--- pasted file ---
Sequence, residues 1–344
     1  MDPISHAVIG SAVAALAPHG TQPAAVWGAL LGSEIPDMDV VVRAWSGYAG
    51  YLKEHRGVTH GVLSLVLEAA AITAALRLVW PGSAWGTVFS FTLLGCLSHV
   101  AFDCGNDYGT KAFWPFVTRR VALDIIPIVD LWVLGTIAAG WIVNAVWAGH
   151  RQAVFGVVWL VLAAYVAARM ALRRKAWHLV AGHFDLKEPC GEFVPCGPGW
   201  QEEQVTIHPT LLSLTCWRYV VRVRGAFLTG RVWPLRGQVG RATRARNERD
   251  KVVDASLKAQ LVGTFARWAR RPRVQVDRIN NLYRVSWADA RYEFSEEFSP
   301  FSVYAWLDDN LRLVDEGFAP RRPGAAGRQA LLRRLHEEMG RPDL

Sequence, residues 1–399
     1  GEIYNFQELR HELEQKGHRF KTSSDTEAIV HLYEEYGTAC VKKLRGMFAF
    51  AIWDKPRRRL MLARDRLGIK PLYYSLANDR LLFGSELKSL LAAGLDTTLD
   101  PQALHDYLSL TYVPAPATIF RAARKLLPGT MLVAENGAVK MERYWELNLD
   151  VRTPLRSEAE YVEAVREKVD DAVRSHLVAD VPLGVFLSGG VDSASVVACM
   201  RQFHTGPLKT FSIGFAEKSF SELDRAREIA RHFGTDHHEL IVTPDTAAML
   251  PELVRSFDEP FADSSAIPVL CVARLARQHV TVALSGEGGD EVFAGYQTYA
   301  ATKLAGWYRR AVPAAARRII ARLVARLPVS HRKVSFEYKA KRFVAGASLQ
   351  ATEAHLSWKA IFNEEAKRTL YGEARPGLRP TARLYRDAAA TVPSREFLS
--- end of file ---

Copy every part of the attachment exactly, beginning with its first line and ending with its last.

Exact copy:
Sequence, residues 1–344
     1  MDPISHAVIG SAVAALAPHG TQPAAVWGAL LGSEIPDMDV VVRAWSGYAG
    51  YLKEHRGVTH GVLSLVLEAA AITAALRLVW PGSAWGTVFS FTLLGCLSHV
   101  AFDCGNDYGT KAFWPFVTRR VALDIIPIVD LWVLGTIAAG WIVNAVWAGH
   151  RQAVFGVVWL VLAAYVAARM ALRRKAWHLV AGHFDLKEPC GEFVPCGPGW
   201  QEEQVTIHPT LLSLTCWRYV VRVRGAFLTG RVWPLRGQVG RATRARNERD
   251  KVVDASLKAQ LVGTFARWAR RPRVQVDRIN NLYRVSWADA RYEFSEEFSP
   301  FSVYAWLDDN LRLVDEGFAP RRPGAAGRQA LLRRLHEEMG RPDL

Sequence, residues 1–399
     1  GEIYNFQELR HELEQKGHRF KTSSDTEAIV HLYEEYGTAC VKKLRGMFAF
    51  AIWDKPRRRL MLARDRLGIK PLYYSLANDR LLFGSELKSL LAAGLDTTLD
   101  PQALHDYLSL TYVPAPATIF RAARKLLPGT MLVAENGAVK MERYWELNLD
   151  VRTPLRSEAE YVEAVREKVD DAVRSHLVAD VPLGVFLSGG VDSASVVACM
   201  RQFHTGPLKT FSIGFAEKSF SELDRAREIA RHFGTDHHEL IVTPDTAAML
   251  PELVRSFDEP FADSSAIPVL CVARLARQHV TVALSGEGGD EVFAGYQTYA
   301  ATKLAGWYRR AVPAAARRII ARLVARLPVS HRKVSFEYKA KRFVAGASLQ
   351  ATEAHLSWKA IFNEEAKRTL YGEARPGLRP TARLYRDAAA TVPSREFLS